By Brian Wacker, PGATOUR.COM
PONTE VEDRA BEACH, Fla. -- Four birdies over his final six holes left Rory McIlroy feeling good about his game, but the ending was also bittersweet.
"I didn't play the par 5s particularly well," said McIlroy, who was a collective 4 under on them for the week but also 3 over on the ninth hole alone at TPC Sawgrass. "You play (No. 9) at level par and you're 10 under for the tournament and you're up there."
On the one hand, McIlroy made it to the weekend at THE PLAYERS Championship after missed cuts in his first three trips here. On the other, he struggled with his putter on the weekend and that took him out of contention.
McIlroy, who shot 2-under 70 on Sunday, missed eight putts from inside 10 feet over the last two days, including three in the final round.
He'd come into the week having made three adjustments to his putter, the most recent of which came this week with a little more loft to help him get the ball rolling on the Bermudagrass.
McIlroy says he'll stick with it, however, because the problem was his stroke more than the equipment. His putting coach, Dave Stockton, agrees. "He likes to forward press like I do," Stockton said. "I just felt like that would get him to roll the ball better, and he did for the first round. In terms of mechanics, we didn't change anything."
Said McIlroy: "I just didn't hole them. I struggled a little bit reading them, and I got a bit indecisive. Over the course of the week, if you keep seeing putts miss, it's hard to visualize them going in the hole when you're reading them, and that was sort of the problem this week."
Unlike past years, his strategy wasn't. McIlroy left the driver in the bag more often than in past trips here and the result led to his best week yet at TPC Sawgrass, where he finished at 7 under.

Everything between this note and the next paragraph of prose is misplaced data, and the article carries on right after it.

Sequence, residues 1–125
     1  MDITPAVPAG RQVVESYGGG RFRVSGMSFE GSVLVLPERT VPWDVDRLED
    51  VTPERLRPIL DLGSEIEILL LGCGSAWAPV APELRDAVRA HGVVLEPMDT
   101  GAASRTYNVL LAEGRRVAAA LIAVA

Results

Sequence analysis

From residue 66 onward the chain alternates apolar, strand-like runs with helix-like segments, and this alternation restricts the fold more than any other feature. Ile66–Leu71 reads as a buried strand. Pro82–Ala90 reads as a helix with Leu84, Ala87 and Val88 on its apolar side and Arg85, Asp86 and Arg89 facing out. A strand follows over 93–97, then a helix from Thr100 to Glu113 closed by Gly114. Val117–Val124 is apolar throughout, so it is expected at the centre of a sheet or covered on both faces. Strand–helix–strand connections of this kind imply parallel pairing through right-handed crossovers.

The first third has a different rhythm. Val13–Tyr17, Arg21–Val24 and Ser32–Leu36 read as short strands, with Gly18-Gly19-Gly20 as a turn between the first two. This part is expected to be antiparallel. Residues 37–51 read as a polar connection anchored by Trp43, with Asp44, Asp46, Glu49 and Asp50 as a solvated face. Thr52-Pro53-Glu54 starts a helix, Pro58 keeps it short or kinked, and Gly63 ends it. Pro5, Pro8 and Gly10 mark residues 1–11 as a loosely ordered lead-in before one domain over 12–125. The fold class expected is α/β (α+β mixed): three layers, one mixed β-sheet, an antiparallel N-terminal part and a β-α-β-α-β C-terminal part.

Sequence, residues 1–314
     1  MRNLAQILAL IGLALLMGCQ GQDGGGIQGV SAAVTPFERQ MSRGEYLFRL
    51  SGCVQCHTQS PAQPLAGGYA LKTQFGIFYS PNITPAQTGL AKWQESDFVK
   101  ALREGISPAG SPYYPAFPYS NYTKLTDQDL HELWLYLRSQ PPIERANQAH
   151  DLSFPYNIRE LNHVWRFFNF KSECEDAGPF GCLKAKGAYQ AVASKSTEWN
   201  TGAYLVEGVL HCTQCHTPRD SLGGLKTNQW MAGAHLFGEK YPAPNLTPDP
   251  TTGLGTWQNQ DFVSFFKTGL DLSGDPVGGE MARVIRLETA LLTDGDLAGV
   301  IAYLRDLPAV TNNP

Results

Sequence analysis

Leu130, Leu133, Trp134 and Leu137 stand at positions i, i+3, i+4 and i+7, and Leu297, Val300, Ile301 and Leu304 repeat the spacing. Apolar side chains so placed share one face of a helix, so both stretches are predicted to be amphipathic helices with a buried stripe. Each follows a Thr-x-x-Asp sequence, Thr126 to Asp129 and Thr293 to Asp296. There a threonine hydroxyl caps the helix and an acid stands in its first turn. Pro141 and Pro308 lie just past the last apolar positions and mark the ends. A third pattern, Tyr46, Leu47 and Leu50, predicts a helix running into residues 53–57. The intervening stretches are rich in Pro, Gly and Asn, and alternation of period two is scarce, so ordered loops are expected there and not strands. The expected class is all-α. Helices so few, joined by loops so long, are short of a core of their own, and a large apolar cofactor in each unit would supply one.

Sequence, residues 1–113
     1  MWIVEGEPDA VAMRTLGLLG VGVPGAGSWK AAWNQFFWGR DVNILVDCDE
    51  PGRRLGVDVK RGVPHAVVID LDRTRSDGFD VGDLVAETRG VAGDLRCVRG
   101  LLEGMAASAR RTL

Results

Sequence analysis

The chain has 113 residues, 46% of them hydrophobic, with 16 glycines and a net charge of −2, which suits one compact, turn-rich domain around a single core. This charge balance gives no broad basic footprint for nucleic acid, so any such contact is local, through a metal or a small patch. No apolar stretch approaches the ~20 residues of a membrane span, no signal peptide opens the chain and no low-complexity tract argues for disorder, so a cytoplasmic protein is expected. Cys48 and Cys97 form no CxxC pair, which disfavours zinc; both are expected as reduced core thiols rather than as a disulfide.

Not that he's grown any fonder of Pete Dye's signature course.
"I'm not sure I love any course," he said. "A golf course is a golf course, but there are still a few golf courses that I like more than this one."
PONTE VEDRA BEACH, Fla. -- Only two players have a mathematical shot to catch Tiger Woods in the FedExCup standings but there could be a change at the top of the Official World Golf Ranking this week.
Of course, considering Woods is now tied with Sergio Garcia for the lead THE PLAYERS Championship at 10 under, all could be a moot point.
Woods currently has 1,740 FedExCup points -- which is 343 more than Brandt Snedeker and 535 ahead of Billy Horschel. The winner of THE PLAYERS gets 600 points.
McIlroy could regain the No. 1 spot in the world if he wins his first PLAYERS and Woods finishes 13th alone or lower. Mclroy shot 66 in the first round and tees off at 1:39 p.m. ET.
By Brian Wacker, PGATOUR.COM
PONTE VEDRA BEACH, Fla. -- Robert Castro opened with a course record-tying 63 to take a three-shot lead on Thursday. Whether he still has that lead by the time he tees off Friday afternoon, who knows. Conditions appear to be good for scoring again and already a few players -- Tiger Woods among them -- have started to make a move. Here's a look at who and what to watch for this afternoon.
Roberto Castro (12:46 p.m. ET): A big reason Castro was able to go so low in the opening round was because he hit close -- six of his approach shots were inside 5 feet. That will be a tall order come the afternoon when the wind is expected to increase along with the temperature, making for a firm, fast golf course.
Hunter Mahan, Rickie Fowler (1:18 p.m. ET): After failing to break 70 in 16 of his last 17 rounds, which included a pair of missed cuts and two other finishes near the bottom of the leaderboard, Mahan was "stress free" with a 67 Thursday. Given his accuracy, he should fare well here (two years ago, he finished sixth). Fowler, on the other hand, struggled to a 73 and will have some ground to make up to make the cut.
Keegan Bradley, Graeme McDowell (1:28 p.m. ET): Both were 2 under on Thursday, and McDowell comes into this week having recently won at another Pete Dye course (Harbour Town).